Though there is a common belief that Carl Jung must have been into magic- the truth is not quite that simple. One of the first bits of evidence that people like to bring up is that he’d been heavily influenced by William Butler Yeats- but, first, when works by Yeats on that topic were published around 1901: Jung hadn’t read much into it. As a matter of fact, when asked about this in an interview around the same time of A Letter to The Listener on God, Jung is quoted as saying that he wasn’t even acquainted with Yeats’ work, nor had he read anything by him.
I got to thinking about this after reading this horribly written article about how psychology has “ruined” astrology. The piece, written by Ida C. Benedetto reads like one imagine’s a drunken Southern socialite might express herself is highly critical of the influence of psychology on astrology- and frankly, conveys not only the author’s ignorance of psychology, but astrology, as well. Pretentiousness only really packs a punch if there is in fact, some intelligence behind it. When there’s not, it becomes an illustration of the Dunning Kruger effect- and Astrology Isn’t Fake, It’s Just Been Ruined By Modern Psychology is, to its credit, certainly that.
Though her brevity in exploring both may well have been due to the article format- it reads like she skimmed a couple of Wikipedia pages and took notes. Though just about every astrologer I know would agree with her assertions about Sun Sign astrology: that’s about it. She’s just thrown the baby out with the bath water in this piece and simultaneously insults the astrologers for whom she offers high praise at the end. I could practically hear the “Bless your heart!” and a “Well, though I did just describe much of your techniques up there, of course I wasn’t talkin’ about you, girl. You know I love you!” as she did so. Though she touches on Hellenistic astrology, what she fails to convey is that even that had its detractors- Cicero and Carneades to name just two and this was quite some time before psychology even came into the picture in a solid sense: philosophy, however was reigning supreme. The reason for the earliest objections were based in free will- something to which psychology also fosters via understanding of the elements of the mind which may hinder or help bolster it. Additionally, though, just like today, many snickered at the idea of noting the influence on the tides might also influence human choice.
Magic Begat Science
This is a cliche that gets beaten so much even the dead horses are looking on in pity. It’s not exactly false, though- nor is the idea that Jung was into magic. It’s just not as Point A to Point B as I think that people would like it to be and much of this has to do with what people’s misconceptions of all of these things are.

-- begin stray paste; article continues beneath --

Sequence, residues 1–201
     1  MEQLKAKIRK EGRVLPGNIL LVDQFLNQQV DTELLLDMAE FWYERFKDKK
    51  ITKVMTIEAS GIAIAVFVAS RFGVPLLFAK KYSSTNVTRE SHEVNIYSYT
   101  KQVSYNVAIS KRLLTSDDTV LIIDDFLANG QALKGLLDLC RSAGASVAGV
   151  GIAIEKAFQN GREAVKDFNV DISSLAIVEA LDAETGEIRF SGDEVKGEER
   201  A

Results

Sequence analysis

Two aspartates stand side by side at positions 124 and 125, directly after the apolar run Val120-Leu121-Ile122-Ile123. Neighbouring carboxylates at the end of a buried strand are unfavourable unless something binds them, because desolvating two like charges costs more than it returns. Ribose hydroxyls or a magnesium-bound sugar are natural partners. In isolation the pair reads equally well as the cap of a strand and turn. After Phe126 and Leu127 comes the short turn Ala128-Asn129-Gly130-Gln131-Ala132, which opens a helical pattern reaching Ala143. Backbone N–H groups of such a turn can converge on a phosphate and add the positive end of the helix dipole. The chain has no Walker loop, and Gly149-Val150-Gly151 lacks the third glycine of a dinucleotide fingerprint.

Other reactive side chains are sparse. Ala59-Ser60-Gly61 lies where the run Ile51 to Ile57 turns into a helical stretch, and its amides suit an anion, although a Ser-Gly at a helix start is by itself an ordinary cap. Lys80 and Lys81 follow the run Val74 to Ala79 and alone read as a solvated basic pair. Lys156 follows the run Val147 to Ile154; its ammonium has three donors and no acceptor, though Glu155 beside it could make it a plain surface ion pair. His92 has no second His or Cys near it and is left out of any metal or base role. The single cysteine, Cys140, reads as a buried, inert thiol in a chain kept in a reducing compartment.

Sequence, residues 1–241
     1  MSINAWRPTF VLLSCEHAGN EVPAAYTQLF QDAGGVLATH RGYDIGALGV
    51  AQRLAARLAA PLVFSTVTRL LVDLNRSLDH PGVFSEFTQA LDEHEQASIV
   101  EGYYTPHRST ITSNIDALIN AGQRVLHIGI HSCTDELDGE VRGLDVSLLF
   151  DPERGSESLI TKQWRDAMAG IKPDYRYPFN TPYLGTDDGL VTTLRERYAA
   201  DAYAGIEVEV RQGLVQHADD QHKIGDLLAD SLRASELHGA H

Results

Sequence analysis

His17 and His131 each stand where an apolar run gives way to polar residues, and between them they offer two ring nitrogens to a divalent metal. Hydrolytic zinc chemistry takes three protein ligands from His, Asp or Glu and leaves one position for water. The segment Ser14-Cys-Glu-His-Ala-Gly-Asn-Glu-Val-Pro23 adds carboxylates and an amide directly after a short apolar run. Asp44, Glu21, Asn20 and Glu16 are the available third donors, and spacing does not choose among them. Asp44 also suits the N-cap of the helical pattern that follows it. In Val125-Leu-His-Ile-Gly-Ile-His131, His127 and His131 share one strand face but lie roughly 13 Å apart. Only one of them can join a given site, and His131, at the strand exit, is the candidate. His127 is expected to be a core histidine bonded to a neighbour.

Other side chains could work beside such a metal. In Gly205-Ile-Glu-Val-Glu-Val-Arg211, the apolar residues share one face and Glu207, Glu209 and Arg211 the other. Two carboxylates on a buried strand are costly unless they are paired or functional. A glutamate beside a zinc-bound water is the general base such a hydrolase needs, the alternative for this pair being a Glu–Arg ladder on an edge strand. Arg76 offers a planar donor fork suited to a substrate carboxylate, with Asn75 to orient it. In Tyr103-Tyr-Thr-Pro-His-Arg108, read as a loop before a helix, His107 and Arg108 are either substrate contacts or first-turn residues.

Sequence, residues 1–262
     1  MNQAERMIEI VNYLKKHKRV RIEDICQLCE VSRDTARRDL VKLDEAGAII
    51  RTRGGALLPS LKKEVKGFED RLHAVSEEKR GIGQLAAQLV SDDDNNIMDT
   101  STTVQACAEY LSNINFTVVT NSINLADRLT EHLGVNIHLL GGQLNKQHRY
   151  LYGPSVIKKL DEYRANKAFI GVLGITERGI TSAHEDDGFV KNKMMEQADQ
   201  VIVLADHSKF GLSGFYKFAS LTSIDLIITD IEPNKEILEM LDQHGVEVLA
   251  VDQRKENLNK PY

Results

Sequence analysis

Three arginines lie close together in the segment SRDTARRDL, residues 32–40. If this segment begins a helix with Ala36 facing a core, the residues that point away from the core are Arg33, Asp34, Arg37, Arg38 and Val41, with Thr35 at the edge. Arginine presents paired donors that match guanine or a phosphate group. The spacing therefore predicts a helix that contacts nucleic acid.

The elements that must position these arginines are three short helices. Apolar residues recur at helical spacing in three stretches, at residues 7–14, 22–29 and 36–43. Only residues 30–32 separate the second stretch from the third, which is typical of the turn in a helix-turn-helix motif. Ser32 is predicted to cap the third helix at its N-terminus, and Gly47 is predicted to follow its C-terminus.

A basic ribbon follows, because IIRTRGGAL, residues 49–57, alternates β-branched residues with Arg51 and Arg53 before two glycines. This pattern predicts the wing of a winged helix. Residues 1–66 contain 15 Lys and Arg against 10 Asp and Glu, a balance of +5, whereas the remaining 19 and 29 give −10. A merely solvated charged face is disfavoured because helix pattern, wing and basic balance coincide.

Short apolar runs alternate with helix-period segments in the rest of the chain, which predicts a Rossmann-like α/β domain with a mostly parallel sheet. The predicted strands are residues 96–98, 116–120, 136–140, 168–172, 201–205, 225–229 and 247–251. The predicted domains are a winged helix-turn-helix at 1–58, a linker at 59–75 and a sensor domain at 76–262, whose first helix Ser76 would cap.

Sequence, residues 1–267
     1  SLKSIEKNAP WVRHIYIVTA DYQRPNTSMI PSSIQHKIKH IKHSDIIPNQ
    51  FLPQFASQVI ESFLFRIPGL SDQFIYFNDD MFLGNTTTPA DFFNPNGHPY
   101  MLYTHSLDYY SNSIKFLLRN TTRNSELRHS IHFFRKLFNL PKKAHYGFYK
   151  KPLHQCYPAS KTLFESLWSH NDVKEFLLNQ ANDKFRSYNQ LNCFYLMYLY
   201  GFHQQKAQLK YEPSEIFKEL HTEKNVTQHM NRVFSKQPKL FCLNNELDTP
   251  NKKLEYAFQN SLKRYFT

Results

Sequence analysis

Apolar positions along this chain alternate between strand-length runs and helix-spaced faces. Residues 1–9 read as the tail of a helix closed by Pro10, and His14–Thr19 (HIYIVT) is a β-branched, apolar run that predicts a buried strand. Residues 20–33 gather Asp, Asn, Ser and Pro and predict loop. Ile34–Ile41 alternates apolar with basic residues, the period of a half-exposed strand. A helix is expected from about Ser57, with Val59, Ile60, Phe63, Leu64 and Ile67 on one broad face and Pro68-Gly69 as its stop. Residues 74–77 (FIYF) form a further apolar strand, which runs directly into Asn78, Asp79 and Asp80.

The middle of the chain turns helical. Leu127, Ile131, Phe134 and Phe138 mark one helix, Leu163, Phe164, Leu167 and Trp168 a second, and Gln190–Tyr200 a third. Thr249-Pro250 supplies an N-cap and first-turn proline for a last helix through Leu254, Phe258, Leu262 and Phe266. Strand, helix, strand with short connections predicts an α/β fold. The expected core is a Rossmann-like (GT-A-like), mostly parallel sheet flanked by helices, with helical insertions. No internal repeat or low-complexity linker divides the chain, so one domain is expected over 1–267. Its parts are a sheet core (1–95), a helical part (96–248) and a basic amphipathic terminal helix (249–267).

There’s an ironic sort of opinion on the part of atheists that rational thinking is what drove out the use of things like astrology, alchemy, Hermeticism and otherwise when…that’s not really true, either.
For quite some time, most of the more learned individuals did in fact study the occult intensively and incorporated it in their practices.There is quite a lot of truth to the fact that study of the occult did in fact lead to scientific advancements- and a little truth to the idea that science disproved quite a bit: but what really ran it out wasn’t rational thought. It was religion- and though we would like to place the onus of blame entirely on the Judeo Christians: if you look at most belief systems, the fact is that practitioners of magic were often looked upon with superstitious awe: which may sound flattering- but it often meant they were feared and not exactly socially well accepted in those early societies.
As a matter of fact, that’s what “occult” means. Looking at 16th and 17th century philosophy, for instance, you’ll find its use usually means hidden from view or secret. Even during the Renaissance, when it was a more commonly explored thing- the reason it was, was because those who were studying it were attempting to figure out and to utilize those secret causes behind things. This isn’t so very different from the more modern goal of science.
Though the goals were similar, the methods were not. Those exploring these things during the Renaissance weren’t exactly scientific in their methodology, nor does what they did really resemble the science we know today- which is why most scientific minds are of this opinion:
Beyond that, since I am an astrologer, let’s look at the facts and as it stands: the fact is that there have been no studies to date which have proven the validity of astrology, in particular. I think perhaps some practitioners of various occult practices believe that kissing the asses of the atheists will somehow curry favor: but the truth is, it won’t- not any more than denying that there is no empirical data on the subject.
The only thing I’ve found that does more or less keep them from riding your ass is ethical practice and honesty. (And even then, of course, you have some who are every ounce as fanatical about what they do as any fundamentalist.)